3-on-3: Wizards at Hornets: The Start of Newer Traditions, Kind Of (But Not Quite Yet)
Basketball, basketball, basketball, trades, basketball… Guess what? The Wizards actually have a game tonight, the third of their road trip against the Hornets in the Big Easy. Nick Young, JaVale McGee and Ronny Turiaf? Gone. Nene and Brian Cook? Evidently on the way. You can find your TAI Nene-McGee trade analysis here, and some more numbers behind Nene and new teammate Kevin Seraphin here. For tonight’s 3-on-3 we have Mason Ginsberg (@WhoDatHornet88) of the ESPN TrueHoop Hornets blog Hornets 247.com, along with TAI’s Sam Permutt (@sammyvert) and Kyle Weidie (@truth_about_it). NOTE: These questions, along with the answers of Mason and Sam, were composed pre-today’s trade. Our bad… meant to get this 3-on-3 up sooner. Things got crazy. Three questions, three answers starts now…
#1) With the trade deadline rapidly approaching (or past), which Wizard would you have most liked to see not with the team for tonight’s game against the Hornets? JaVale Mcgee, Nick Young, and Andray Blatche, the three longest-tenured WizKids, were the names that most commonly were thrown into the rumor mill. Keeping in mind likely trade values and contract situations, which player’s departure would ultimately benefit Washington the most?
GINSBERG: It depends on your definition of “help.” For the long-term, help is whatever hurts the team’s performance over the next month or two but helps it next season and beyond. Admittedly, I don’t know much about who has been discussed in trade rumors for the Wizards, but I think if the team can unload Blatche for a half-decent draft pick, they should do it. Until then, the Wizards should be playing him 40 minutes a game to have him fulfill the role us Hornets fans rely on Beasley to fill in Minnesota. That role, of course, is an inefficient chucker who stops all ball movement on offense.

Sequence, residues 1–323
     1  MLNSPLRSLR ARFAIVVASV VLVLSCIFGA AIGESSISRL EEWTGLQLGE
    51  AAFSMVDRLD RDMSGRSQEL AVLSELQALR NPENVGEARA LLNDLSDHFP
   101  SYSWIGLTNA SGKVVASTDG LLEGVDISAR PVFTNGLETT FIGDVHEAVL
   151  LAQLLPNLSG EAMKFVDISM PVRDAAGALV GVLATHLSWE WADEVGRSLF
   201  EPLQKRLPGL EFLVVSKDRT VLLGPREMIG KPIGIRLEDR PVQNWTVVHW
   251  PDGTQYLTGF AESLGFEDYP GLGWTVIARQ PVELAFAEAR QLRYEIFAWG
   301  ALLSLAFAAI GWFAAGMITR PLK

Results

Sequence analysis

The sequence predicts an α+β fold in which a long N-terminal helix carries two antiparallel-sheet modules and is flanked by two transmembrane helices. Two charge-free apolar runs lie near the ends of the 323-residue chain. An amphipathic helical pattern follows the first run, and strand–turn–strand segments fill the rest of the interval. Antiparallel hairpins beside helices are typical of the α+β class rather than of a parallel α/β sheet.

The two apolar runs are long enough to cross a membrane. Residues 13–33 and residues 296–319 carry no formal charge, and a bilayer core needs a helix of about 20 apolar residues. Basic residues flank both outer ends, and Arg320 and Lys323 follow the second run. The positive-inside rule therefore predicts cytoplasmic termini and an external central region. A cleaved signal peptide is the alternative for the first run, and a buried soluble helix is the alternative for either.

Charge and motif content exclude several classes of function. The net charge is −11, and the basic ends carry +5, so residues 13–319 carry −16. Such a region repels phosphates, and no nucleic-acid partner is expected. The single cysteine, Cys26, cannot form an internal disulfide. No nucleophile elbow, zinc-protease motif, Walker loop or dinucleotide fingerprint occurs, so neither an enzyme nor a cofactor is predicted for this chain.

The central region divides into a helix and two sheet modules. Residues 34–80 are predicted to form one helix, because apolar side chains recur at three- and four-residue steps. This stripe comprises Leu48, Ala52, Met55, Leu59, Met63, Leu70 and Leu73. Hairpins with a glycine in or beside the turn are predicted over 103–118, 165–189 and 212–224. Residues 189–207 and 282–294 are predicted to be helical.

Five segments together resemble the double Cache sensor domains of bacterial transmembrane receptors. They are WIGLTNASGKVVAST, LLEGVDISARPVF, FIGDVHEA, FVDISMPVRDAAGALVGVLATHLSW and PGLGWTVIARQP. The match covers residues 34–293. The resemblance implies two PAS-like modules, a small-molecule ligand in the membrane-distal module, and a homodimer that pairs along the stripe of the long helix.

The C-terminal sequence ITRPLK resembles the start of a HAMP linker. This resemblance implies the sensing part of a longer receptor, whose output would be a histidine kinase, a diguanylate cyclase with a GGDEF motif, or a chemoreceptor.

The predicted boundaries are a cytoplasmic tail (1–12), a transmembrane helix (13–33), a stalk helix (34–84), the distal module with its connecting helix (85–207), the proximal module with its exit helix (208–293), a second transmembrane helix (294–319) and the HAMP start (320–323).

PERMUTT: The easy answer would be ‘Dray. Wizards fans have completely cast him out, booing him even when he’s not particularly terrible. The smart answer, sadly, is JaVale. He has taken huge steps backward this season, pouting and making silly plays instead of playing hard and making silly plays. The league-wide interest for Blatche is almost non-existent, and the Wizards can amnesty him at year’s end. JaVale, on the other hand, is still likely coveted by several teams across the league, and Washington could get a decent haul for him.
WEIDIE: Easy, Blatche. Young’s departure was only a matter of time (via unrestricted free agency this summer)…. and I could probably care less if the Wizards got Brian Cook and a second round pick in return (even if it is the Hornets’ second rounder in 2015 — I suppose it will be a nice asset to throw in a trade for the hell of it sometime in the future). And McGee? Well, I’m not a fan of giving up on his physical potential, although, evidently the Wizards franchise, which has a much more in-depth view of McGee’s personality, were ready to give up on the lacking mental development. So there’s that. But Blatche (and yes, I have the foresight of hindsight in that I’m the only one on this 3-on-3 answering pre-trade questions with post-trade answers), I’m pretty much of the opinion that the team should find a way to keep him at home, instead of on the court, for the rest of the season.
#2) The Hornets are coming off a brutal overtime loss to the Lakers, while the Wizards come in to town with more rest, but no momentum (losers of three in a row). Does either team come out playing scrappy, energetic, hard-nosed basketball in what could be a very winnable game for two often-losing squads? Or does this just end up being an unwatchable game between bad teams?